Prior to the experimental work, the research proposal for the mousepox experiment was submitted to the CSIRO Institutional Biosafety Committee (IBC) who reviewed the potential risks to humans and the environment. It was also submitted to the Australian government’s Genetic Manipulation Advisory Committee (GMAC) for final approval. At the time, the researchers had highlighted the possibility that an "immunosuppressive virus" might be created which would be lethal to the mice exposed to it, however, it was also underscored that this outcome was unlikely given the genetic resistance of previous test mice to the mousepox virus. According to Dr. Jackson, beyond routine biocontainment precautions, no issues or implications were raised by either the IBC or GMAC in their respective reviews.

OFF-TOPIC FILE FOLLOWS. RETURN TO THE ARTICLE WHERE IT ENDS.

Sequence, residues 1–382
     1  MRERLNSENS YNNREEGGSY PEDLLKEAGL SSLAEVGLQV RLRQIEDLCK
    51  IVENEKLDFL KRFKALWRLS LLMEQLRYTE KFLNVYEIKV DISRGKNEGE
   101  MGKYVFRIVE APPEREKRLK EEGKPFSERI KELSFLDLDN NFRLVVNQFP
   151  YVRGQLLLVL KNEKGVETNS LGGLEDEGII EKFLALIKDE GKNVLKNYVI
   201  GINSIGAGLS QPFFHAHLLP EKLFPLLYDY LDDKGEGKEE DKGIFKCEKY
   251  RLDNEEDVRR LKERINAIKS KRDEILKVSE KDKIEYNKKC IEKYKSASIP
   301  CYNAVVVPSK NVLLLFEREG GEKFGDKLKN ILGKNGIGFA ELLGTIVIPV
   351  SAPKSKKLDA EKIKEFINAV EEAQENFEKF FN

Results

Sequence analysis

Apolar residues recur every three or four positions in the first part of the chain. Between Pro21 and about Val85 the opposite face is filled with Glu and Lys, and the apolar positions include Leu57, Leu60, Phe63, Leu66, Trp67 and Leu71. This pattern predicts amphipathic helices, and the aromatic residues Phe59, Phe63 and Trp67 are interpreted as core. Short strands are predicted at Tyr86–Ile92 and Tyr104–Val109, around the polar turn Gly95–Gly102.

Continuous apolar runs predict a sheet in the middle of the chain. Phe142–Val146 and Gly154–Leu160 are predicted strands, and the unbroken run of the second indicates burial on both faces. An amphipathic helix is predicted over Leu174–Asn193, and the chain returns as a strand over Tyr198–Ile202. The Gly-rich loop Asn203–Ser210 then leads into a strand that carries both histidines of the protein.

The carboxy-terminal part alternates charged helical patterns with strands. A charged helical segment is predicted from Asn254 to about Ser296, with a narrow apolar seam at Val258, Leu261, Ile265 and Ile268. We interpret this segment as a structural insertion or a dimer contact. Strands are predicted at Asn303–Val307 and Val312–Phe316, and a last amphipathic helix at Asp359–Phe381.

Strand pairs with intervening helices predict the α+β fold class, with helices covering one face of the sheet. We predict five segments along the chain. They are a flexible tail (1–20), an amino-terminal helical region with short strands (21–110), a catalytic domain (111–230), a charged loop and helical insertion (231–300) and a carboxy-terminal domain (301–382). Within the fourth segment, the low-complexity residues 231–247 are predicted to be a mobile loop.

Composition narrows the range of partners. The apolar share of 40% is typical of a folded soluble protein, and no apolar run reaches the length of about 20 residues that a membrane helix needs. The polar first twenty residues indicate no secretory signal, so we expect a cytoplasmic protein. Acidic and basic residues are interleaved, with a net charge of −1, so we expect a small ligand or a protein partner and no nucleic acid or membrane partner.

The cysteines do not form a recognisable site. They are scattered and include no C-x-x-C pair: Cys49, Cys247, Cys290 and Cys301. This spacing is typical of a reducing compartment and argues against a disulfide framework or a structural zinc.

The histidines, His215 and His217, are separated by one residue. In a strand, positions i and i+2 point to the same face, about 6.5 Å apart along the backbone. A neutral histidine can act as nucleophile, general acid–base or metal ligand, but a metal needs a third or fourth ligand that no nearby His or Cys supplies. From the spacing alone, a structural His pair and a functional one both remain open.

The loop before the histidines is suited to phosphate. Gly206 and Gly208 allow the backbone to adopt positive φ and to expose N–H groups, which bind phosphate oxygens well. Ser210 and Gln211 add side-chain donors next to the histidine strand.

Jackson and Ramshaw consulted with scientific colleagues in Australia, as well as recognized experts on smallpox Donald Henderson and Frank Fenner, who, while appreciating the implications of their work for biodefense, saw no reason to suppress the experimental results. The scientists felt that it was better to have the information in the public domain rather than suppress it. The CSIRO head contacted the Australian government, which had no objections to publication given that no violations of the Biological and Toxin Weapons Convention (BTWC) were found. This is not surprising given that the BTWC only forbids "the development, production, stockpiling, or acquirement of biological agents or toxins that have no justification for peaceful or defensive purposes." The paper was published in the Journal of Virology in February 2001 and since the journal had published similar research papers in 1996 and 1998 no problems were expected. In fact, Ron Jackson observes that "prior to our paper, there had been four other pox virus-IL-4 papers describing the immunosuppression enhanced lethality of myxoma virus expressing IL-4."